Dour economy keeps day care attendance down

The gold rush days of endless glitter and glue are over at Kairos Child Development Center in Modesto, at least for now.

These days, thanks to a drop in enrollment because of the slow economy, school supply purchases are kept to the bare essentials, said director Karma Souza.

"I've been in the child care business for close to 30 years," she said. "Two years ago, we were ordering new stuff all the time. Now, we're just ordering paint and paper."

The school has a stockpile of other supplies, so it's not as if the students have gone Spartan, Souza said. But spending is one of the things she and several other child care providers have cut back on in an effort to ride out the recession.

Many Central Valley child care providers are facing noticeable dips in enrollment. The drops range from 5 percent to almost 50 percent, making child care providers look at how to cut costs and keep the families they have happy.

Souza said her school has seen a 30 percent to 50 percent drop in enrollment throughout the year. She said in an average year, her center serves 40 to 50 families. This year, it has 26.

"We have definitely seen a decrease in enrollment," she said. "Some people have lost jobs, some who do work are having family watch their children."

With full-time preschool ranging from $140 to $200 a week at many Modesto-area centers, families are often quick to cut back on such serv-ices.

Modesto resident Rafael Sakellariou and his wife have pulled their three children out of day care this summer. Sakellariou lost his job as a restaurant manager in June, and the first thing the family did was take the children — ages 6, 3 and 1 — out of five-day-a-week care.

"Without two incomes coming in, there was no way we could afford it," he said. "It's terrible to say that, but it was the first thing to go. It's probably the most expensive thing per month. It's more expensive than the house."

He is saving about $2,000 a month on child care. Still Sakellariou, who is working on completing his teaching credential, said as soon as he finds a new job, his children will be back at their preschools.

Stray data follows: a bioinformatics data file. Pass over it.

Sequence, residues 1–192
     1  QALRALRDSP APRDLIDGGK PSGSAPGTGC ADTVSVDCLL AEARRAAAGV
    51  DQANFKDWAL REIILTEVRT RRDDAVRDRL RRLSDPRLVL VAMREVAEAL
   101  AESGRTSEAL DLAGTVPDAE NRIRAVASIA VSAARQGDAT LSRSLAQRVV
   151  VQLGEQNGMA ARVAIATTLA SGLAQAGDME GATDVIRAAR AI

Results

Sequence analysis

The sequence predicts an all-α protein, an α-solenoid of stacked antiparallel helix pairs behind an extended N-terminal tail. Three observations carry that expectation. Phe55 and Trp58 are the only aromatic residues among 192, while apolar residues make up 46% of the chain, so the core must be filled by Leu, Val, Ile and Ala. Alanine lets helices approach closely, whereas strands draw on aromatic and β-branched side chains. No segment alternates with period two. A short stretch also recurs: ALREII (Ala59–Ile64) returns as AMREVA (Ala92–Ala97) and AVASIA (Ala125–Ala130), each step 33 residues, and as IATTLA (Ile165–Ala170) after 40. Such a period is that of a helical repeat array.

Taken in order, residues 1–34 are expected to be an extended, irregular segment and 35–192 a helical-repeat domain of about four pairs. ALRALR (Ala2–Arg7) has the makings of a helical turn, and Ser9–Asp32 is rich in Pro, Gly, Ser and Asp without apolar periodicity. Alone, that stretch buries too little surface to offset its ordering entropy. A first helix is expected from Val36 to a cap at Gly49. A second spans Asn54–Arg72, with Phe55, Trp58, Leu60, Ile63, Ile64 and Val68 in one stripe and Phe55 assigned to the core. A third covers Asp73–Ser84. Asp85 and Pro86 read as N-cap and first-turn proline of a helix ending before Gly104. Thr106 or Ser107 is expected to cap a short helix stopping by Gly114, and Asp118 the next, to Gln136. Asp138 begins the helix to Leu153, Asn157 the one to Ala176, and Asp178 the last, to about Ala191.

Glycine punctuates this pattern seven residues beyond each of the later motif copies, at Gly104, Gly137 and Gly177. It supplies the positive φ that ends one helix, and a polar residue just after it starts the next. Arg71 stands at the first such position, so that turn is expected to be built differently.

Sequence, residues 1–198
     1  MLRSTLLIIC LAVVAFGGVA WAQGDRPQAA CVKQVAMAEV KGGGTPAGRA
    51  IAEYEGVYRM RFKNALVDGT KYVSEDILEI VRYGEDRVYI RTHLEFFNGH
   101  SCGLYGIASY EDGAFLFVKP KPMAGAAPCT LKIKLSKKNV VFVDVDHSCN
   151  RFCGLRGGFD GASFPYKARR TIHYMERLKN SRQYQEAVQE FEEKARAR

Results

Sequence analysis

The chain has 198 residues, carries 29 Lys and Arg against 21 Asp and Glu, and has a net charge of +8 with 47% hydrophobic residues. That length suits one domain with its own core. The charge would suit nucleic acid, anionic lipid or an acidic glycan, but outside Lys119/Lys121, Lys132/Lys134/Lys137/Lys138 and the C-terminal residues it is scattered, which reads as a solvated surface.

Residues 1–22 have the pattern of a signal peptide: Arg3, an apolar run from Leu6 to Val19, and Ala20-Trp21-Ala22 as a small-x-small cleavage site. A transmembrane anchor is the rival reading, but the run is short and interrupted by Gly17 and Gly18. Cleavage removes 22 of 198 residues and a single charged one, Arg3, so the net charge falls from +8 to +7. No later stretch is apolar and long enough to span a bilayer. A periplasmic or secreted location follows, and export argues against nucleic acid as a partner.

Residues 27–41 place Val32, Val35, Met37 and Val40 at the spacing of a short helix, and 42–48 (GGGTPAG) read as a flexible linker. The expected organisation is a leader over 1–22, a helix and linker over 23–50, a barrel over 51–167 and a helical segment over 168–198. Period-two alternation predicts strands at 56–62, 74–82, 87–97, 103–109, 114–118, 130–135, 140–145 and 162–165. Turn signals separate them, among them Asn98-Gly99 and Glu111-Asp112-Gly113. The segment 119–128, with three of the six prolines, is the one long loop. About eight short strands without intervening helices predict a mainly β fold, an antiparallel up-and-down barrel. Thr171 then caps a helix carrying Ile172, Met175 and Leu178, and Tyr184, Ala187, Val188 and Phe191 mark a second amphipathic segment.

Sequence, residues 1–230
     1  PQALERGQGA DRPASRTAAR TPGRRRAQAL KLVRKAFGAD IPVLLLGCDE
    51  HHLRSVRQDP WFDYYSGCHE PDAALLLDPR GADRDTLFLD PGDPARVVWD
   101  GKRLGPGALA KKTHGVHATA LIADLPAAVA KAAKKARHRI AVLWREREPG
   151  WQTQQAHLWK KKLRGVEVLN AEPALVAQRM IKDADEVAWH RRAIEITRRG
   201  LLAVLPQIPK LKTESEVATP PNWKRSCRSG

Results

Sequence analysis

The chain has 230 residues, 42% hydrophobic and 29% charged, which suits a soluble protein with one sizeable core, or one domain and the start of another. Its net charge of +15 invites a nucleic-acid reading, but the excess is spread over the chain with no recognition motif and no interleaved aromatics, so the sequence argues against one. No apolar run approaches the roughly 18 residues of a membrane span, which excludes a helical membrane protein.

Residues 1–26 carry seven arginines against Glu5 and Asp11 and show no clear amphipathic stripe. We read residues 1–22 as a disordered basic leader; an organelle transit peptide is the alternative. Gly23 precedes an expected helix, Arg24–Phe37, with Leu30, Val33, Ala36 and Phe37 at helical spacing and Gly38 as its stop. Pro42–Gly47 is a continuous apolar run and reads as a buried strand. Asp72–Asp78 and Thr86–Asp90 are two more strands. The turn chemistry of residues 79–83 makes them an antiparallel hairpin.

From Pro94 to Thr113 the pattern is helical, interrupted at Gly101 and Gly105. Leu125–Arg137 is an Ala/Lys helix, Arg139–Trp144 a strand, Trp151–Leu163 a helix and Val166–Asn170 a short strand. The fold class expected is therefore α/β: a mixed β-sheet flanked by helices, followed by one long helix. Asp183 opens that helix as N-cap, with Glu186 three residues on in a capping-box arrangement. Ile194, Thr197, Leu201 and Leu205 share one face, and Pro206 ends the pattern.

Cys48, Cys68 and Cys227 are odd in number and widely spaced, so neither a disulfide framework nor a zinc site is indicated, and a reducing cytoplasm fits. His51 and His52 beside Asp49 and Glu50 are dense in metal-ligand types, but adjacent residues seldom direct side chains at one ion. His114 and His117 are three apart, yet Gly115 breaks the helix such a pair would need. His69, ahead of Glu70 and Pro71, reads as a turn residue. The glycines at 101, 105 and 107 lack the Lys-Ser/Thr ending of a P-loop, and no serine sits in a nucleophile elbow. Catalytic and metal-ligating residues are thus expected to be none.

"My son misses it right now," said Sakellariou, who's had children at Kairos for five years. "He asks on a daily basis when he gets to go back."

At Merryhill School in Modesto, the drop off hasn't been quite as dramatic. But Principal Sheila Yarbrough said the preschool has seen a 5 percent to 10 percent decrease in enrollment. She said she also has seen more turnover, with some families leaving because of the economy and others joining because both parents need to work.

The school cut its summer infant-program rates to hold onto and attract customers. It will keep the reduced rates through the fall. The five-day-a-week program went from $207 to $197 a week.

Yarbrough said more families are waiting to enroll their children as well. Normally, parents would start making a commitment by March or April for the fall session, which starts Sept. 8. By mid-July, fall classes used to be full. Now, in late August, the school still has some openings.

"People are being more hesitant to make a commitment," she said. "People are not sure if they'll have a job next week. So they will wait to the last minute to enroll."

'A nerve-wracking time'

At Methodist Tiny Tots Day Care Center in downtown Modesto, Director Soni Sinclair said that at this time of year there typically is a waiting list five families deep. This year, she has five openings.

The school offers a full day care program with a preschool component. She said she has seen parents pull their children out of school completely and others cut the number of days or hours their children attend. Some students who came for a full day maybe only come for half.

The school has about 26 children enrolled, while the average was 30 to 36. She said because of the high unemployment rate in Stanislaus County, she is not sure when those numbers will turn around.

"It's a nerve-wracking time. I don't know if our own local economy is going to get worse for families or if it's bottomed out," she said. "So as a provider, we ask what else can we offer families to keep them here. It's important to highlight what you can offer."

She said the school offers parenting programs and alternative payment programs. She is looking into ways to offer lunch and breakfast.

The school has kept its tuition steady this year, and the staff has not received raises.

The teachers at Kinder Care in Modesto have had their hours cut in an attempt to control costs. Director Carrie Van Winkle said the equivalent of one full-time teacher's hours was cut among her 18 staff members.

Van Winkle said her preschool is at about 60 percent occupancy, compared with 70 percent last year.

Besides cutting hours, Kinder Care has kept tuition, $164 a week for full-time preschool, steady. Van Winkle, who has been at the preschool for eight years, said there is normally a 3 percent to 5 percent increase every August. But she said all the measures may be paying off.

"We're hanging in there, we really are," she said. "This is hardest year since I've been here. But we're seeing some good stuff happening now. It's slowly getting better, so that is exciting. Hopefully, it gets better quicker rather than slower."

Bee staff writer Marijke Rowland can be reached at or 578-2284.